If I were to ask my kids that question today, I’d get variations on the same theme: Duncan would choose something along the lines of a motorcycle driver or a guitar-playing monster-truck driver; Laurel would choose veterinarian; and Jesse would choose software/game designer. When I was Laurel’s age, I also wished to be a vet. I’m not sure why, other than that I loved stuffed animals. By age 9, I’d been mauled by a German Shepherd, thrown off the back of a pig, and traumatized by our possessed cat. But I don’t remember ever wanting to be anything else.
I think that choosing to be a veterinarian was an easy answer, because my real vision of my life was too undefined to explain. I knew what I had inside of me: a love of words. I knew that I would have to write, and I would have to read. And then combined with this was the overwhelming desire just to have a family—to be a mom. Give me paper and pen, a book, and a family, and I’ll be happy. How does a child verbalize this when asked that perennial question, “What do you want to be when you grown up?”
I’m not sure I ever dreamed of being a writer, exactly. I just knew that somehow I had to write. My first novel (illustrated) was called An Illinois Family and consisted of three chapters, in which a family endures a devastating tornado. From the age of nine I wrote faithfully in a diary, a habit that continued through my twenties and even sporadically (very) into my thirties. Blogging now has become my journal, and I’m much more faithful to this medium than I was to pen and paper in the past several years.
Naturally I was an English major in college, although my small college was woefully short on creative writing classes. Most all of my friends in college were bibliophiles; we spent many weekends scouring the dusty racks in Johnson City’s finest thrift stores for whatever we deemed purchase-worthy. My dream, then became to own a used book store/coffee shop, and I began my collection more earnestly. Randy and I collected bookshelves before pots and pans. (Only one of those shelving units still survive 17 years later: the sturdy shelf my grandmother bought to house her new set of encyclopedias.)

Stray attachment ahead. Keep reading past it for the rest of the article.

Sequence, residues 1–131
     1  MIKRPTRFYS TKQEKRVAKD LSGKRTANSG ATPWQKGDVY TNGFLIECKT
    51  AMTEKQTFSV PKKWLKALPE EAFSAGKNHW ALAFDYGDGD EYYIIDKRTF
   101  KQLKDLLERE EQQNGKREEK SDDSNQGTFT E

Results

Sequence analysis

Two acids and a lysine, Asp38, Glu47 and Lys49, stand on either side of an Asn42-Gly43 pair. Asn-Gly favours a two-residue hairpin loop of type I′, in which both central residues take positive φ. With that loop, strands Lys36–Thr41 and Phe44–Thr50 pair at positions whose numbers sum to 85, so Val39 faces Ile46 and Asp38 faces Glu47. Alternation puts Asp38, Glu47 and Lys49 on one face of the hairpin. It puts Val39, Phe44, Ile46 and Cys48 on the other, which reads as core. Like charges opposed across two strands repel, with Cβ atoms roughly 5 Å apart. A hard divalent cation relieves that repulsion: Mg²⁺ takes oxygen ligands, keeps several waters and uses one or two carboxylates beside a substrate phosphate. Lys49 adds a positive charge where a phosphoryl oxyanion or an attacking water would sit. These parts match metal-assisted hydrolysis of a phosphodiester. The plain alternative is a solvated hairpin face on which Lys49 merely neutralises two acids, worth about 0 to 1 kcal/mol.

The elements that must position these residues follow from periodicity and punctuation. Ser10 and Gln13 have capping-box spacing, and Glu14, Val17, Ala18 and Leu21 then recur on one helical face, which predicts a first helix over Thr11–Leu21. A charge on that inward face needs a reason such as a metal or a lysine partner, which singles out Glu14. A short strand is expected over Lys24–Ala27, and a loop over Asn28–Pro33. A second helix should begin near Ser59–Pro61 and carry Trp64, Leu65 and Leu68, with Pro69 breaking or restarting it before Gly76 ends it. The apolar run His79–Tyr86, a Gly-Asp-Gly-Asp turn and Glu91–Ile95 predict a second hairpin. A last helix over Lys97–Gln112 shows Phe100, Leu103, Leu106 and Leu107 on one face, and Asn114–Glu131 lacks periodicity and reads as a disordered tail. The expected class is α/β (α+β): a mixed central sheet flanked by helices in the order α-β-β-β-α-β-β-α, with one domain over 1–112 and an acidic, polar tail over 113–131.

Although I certified to teach high-school English, I never loved teaching. It just seemed like a good, practical thing to do with one’s life. I found one of my true vocations soon after graduation, working for The Business Journal of Upper East Tennessee and Southwest Virginia. I discovered that I loved editing and desktop publishing. A few months later Randy and I packed up our ever-growing stack of used books (for our future used bookstore) and moved to Oxford, Ohio for his graduate school at Miami University. For the next three years I worked as the assistant editor and desktop publisher for an international business association headquarters, a job I absolutely loved. Meanwhile, I collected books, wrote in my journal, and headed into a new vocation that I had known all my life was my true calling: motherhood.
After Randy finished his master’s, we moved to Ames, Iowa, where we spent the next five years. Randy was working on his PhD at Iowa State University by now, and I realized that this was the time I needed to pursue my writing. I applied for graduate school at the university and started the third year we were there. Although I only took 3-6 hours each semester and thus was not immersed in the program as full-time students were, those three years mark the time when I truly found my writer’s voice. I applied for a fellowship, which was awarded to me. I began sending poetry to little magazines for publication, and suffered only one rejection letter among several acceptances. I was now, officially, a writer.
In the near decade since then, I’ve been stretched beyond anything I could have given words to as a child, or a college student, or a young mother. We long ago sold off or gave away our used book collection (well, those that were duplicates, anyway) and our thrift-store bookshelves. Easily half our shelves are inhabited by kids’ books of all sorts and levels (thus “teacher” as vocation re-renters the picture). Submitting my writing is, at this point, occasional. I’ve got an upcoming magazine article and have been published in a couple of local anthologies in the past few years. I also use my editing background to earn a little extra money each month by proofreading. But perhaps more importantly at this time of our life is that I am using my background in writing to teach writing courses at our support group’s enrichment classes. Homeschooling parents are, in general, notoriously fearful of teaching their children to write, so I like to think I am helping families to feel more successful.
And of course I’m still reading. I can’t plow through a weekly seven like I once did, but I still manage a book every week or so in my nightly half-hour of before-bed reading. Every now and then I’ll have a vision of this awesome homeschool bookstore/coffee shop/hang-out, complete with laptops and a Lego station.
Why do we ask our kids what they want to be when they grow up? Why are we trained to expect answers like doctor, firefighter, or ballet dancer? We know, truly, what we all want to be when we grow up: happy. Most often it’s not one career or calling but a mixture of these that rounds us out, gives our lives definition, shapes our identities. Happy. That’s what I meant to say all those years ago.